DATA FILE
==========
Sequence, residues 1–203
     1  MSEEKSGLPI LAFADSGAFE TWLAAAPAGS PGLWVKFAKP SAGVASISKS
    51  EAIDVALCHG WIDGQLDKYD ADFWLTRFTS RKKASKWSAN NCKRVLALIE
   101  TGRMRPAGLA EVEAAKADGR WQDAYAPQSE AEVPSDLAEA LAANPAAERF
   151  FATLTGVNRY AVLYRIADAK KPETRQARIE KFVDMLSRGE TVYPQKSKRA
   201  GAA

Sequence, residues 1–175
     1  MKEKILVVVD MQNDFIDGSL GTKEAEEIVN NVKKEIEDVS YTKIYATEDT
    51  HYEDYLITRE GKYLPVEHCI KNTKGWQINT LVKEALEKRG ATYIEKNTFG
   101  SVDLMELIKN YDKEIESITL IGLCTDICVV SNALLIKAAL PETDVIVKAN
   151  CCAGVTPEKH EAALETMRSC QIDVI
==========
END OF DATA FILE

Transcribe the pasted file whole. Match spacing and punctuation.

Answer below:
Sequence, residues 1–203
     1  MSEEKSGLPI LAFADSGAFE TWLAAAPAGS PGLWVKFAKP SAGVASISKS
    51  EAIDVALCHG WIDGQLDKYD ADFWLTRFTS RKKASKWSAN NCKRVLALIE
   101  TGRMRPAGLA EVEAAKADGR WQDAYAPQSE AEVPSDLAEA LAANPAAERF
   151  FATLTGVNRY AVLYRIADAK KPETRQARIE KFVDMLSRGE TVYPQKSKRA
   201  GAA

Sequence, residues 1–175
     1  MKEKILVVVD MQNDFIDGSL GTKEAEEIVN NVKKEIEDVS YTKIYATEDT
    51  HYEDYLITRE GKYLPVEHCI KNTKGWQINT LVKEALEKRG ATYIEKNTFG
   101  SVDLMELIKN YDKEIESITL IGLCTDICVV SNALLIKAAL PETDVIVKAN
   151  CCAGVTPEKH EAALETMRSC QIDVI